Popular Science Monthly/Volume 3/August 1873/Lunar Temperatures
POETS have so long sung of the cold, chaste Moon, pallid with weariness of her long watch upon the Earth (according to the image used alike by Wordsworth and Shelley), that it seems strange to learn from science that the full moon is so intensely hot that no creature known to us could long endure contact with her heated surface. Such is the latest news which science has brought us respecting our satellite. The news is not altogether unexpected; in fact, reasoning had shown, long before the fact had been demonstrated, that it must be so. The astronomer knows that the surface of the moon is exposed during the long lunar day, lasting a fortnight of our terrestrial time, to the rays of a sun as powerful as that which gives us our daily heat. Without an atmosphere to temper the sun's heat as ours does—not, indeed, by impeding the passage of the solar rays, but by bearing aloft the cloud-veil which the sun raises from our oceans—the moon's surface must become intensely hot long before the middle of the lunar day. Undoubtedly the want of an atmosphere causes the moon's heat to be rapidly radiated away into space. It is our atmosphere which causes a steady heat to prevail on our earth. And at the summits of lofty mountains, where the atmosphere is rare, although the mid-day heat is intense, yet so rapidly does the heat pass away that snow crowns forever the mountain-heights. Yet, although the moon's heat must pass away even more rapidly, this does not prevent the heating of the moon's actual surface, any more than the rarity of the air prevents the Alpine traveller from feeling the action of the sun's direct heat even when the air in shadow is icily cold. Accordingly, Sir John Herschel long since pointed out that the moon's surface must be heated at lunar mid-day—or rather, at the time of lunar mid-heat, corresponding to about two o'clock in our afternoon—to a degree probably surpassing the heat of boiling water.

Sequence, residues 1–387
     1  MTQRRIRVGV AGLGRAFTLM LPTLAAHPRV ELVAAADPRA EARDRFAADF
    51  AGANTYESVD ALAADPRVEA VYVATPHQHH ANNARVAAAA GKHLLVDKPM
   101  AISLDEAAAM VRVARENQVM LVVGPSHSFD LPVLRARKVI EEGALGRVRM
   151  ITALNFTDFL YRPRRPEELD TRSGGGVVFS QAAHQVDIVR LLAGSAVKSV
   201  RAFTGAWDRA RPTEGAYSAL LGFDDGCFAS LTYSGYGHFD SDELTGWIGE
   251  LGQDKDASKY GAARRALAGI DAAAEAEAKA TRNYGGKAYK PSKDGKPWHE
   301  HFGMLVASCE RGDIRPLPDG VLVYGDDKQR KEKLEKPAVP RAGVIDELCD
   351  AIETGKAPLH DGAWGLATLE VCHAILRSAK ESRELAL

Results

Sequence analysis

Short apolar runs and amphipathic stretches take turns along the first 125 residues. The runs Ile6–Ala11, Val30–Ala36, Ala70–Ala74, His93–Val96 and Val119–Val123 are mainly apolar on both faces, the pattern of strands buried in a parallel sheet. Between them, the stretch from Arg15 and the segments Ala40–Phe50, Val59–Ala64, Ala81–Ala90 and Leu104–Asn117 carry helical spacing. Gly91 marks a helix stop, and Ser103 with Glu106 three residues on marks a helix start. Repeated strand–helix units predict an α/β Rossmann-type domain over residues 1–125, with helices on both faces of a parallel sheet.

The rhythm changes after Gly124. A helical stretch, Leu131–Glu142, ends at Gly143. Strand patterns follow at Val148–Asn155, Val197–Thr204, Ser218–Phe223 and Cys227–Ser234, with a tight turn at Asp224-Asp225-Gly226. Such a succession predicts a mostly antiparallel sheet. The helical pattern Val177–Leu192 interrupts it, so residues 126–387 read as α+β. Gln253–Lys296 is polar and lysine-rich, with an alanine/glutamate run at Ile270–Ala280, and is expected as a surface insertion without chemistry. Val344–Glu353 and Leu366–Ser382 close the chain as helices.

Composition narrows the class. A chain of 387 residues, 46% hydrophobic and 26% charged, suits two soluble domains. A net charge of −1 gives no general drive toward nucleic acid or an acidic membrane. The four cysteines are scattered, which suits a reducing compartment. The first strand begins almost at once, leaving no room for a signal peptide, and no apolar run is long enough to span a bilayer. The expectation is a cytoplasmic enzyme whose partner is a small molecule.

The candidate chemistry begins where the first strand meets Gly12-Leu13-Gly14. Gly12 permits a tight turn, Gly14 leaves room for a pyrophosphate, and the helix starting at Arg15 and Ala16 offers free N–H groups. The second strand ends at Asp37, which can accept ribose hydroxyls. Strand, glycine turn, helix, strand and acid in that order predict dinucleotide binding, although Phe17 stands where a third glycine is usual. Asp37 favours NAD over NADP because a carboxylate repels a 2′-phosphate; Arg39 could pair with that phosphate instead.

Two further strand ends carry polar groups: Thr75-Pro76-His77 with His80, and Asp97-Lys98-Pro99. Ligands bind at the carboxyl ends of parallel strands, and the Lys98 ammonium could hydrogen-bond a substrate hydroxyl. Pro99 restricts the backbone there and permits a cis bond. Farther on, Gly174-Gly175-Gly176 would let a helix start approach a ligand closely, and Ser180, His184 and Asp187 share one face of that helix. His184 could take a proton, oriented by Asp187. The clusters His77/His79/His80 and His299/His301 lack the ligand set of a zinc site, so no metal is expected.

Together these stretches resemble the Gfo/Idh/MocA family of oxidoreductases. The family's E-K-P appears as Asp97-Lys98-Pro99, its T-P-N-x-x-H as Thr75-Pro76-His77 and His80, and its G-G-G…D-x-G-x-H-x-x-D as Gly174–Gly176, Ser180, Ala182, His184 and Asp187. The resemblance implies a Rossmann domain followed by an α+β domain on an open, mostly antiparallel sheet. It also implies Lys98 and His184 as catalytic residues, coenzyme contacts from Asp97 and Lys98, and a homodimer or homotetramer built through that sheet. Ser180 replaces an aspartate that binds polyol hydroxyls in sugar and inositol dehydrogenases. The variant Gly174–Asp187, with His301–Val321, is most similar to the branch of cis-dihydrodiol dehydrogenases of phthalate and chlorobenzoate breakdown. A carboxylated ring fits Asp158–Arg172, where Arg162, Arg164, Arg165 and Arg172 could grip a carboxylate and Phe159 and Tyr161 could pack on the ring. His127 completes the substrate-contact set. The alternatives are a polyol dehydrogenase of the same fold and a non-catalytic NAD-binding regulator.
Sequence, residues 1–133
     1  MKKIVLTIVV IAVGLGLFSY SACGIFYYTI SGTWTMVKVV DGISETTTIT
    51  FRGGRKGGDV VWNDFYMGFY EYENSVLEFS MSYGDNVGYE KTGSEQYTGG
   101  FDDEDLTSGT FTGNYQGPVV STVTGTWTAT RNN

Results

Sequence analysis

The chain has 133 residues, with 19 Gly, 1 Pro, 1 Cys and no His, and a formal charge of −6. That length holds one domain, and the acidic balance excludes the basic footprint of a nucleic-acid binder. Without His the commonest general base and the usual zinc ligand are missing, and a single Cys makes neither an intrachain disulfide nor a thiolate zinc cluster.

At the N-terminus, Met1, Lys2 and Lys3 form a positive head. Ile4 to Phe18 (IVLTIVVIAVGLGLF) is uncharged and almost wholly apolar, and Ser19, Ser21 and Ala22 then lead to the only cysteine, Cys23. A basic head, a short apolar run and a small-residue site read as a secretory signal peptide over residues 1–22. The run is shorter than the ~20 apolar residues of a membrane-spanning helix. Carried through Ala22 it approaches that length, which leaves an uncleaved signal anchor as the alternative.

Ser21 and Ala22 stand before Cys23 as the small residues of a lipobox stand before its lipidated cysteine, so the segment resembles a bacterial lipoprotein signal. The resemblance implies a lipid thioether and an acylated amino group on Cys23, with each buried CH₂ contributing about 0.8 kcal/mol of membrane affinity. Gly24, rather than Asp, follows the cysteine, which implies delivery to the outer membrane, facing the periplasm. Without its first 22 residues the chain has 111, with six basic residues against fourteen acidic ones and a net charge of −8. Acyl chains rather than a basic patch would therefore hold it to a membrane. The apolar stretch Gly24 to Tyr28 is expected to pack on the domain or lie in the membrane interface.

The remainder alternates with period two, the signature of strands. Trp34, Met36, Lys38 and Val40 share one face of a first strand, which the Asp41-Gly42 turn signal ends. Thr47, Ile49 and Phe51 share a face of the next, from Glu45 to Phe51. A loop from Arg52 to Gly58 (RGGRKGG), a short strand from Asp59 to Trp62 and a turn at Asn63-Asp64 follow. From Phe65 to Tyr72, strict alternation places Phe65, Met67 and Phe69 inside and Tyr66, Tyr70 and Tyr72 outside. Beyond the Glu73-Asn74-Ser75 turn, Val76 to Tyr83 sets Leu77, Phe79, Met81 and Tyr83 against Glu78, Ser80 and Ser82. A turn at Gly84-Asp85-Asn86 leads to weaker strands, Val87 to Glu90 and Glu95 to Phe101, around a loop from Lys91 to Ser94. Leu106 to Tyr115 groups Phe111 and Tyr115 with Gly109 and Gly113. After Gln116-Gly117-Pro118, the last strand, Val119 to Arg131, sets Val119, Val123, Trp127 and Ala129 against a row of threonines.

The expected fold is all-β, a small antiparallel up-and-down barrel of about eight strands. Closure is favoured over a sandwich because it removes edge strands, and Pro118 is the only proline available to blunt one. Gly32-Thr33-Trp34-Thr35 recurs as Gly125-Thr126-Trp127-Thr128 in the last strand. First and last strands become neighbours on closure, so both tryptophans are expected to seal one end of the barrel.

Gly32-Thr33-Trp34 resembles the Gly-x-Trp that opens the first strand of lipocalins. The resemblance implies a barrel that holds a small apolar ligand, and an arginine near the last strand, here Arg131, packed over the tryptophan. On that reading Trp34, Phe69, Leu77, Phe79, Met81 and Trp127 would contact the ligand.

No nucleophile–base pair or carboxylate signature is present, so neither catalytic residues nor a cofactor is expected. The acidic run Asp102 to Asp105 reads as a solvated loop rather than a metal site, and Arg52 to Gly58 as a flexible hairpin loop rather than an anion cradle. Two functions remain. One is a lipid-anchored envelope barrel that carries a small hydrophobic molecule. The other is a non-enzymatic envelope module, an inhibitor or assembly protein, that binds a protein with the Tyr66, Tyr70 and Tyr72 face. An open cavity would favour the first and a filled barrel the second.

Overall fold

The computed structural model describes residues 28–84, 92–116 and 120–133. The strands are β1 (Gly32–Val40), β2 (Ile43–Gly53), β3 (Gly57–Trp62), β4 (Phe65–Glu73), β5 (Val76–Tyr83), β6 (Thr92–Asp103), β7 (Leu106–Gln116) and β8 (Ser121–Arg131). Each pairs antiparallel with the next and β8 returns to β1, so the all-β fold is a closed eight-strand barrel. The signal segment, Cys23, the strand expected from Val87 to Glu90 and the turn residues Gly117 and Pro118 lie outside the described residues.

Such, in point of fact, has now been proved to be the case. The Earl of Rosse has shown, by experiments which need not here be described, that the moon not only reflects heat to the earth (which, of course, must be the case), but that she gives out heat by which she has been herself warmed. The distinction may not perhaps appear clear at first sight to every reader, but it may easily be explained and illustrated. If, on a bright summer's day, we take a piece of smooth, but not too well polished, metal, and by means of it reflect the sun's light upon the face, a sensation of heat will be experienced; this is reflected sun-heat: but if we wait while so holding the metal until the plate has become quite hot under the solar rays, we shall recognize a sensation of heat from the mere proximity of the plate to the face, even when the plate is so held as not to reflect sun-heat. We can in succession try—first, reflected heat alone, before the metal has grown hot; next, the heat which the metal gives out of itself when warmed by the sun's rays; and, lastly, the two kinds of heat together, when the metal is caused to reflect sun-heat, and also (being held near the face) to give out a sensible quantity of its own warmth. What Lord Rosse has done has been to show that the full moon sends earthward both kinds of heat; she reflects solar heat just as she reflects solar light, and she also gives out the heat by which her own surface has been warmed.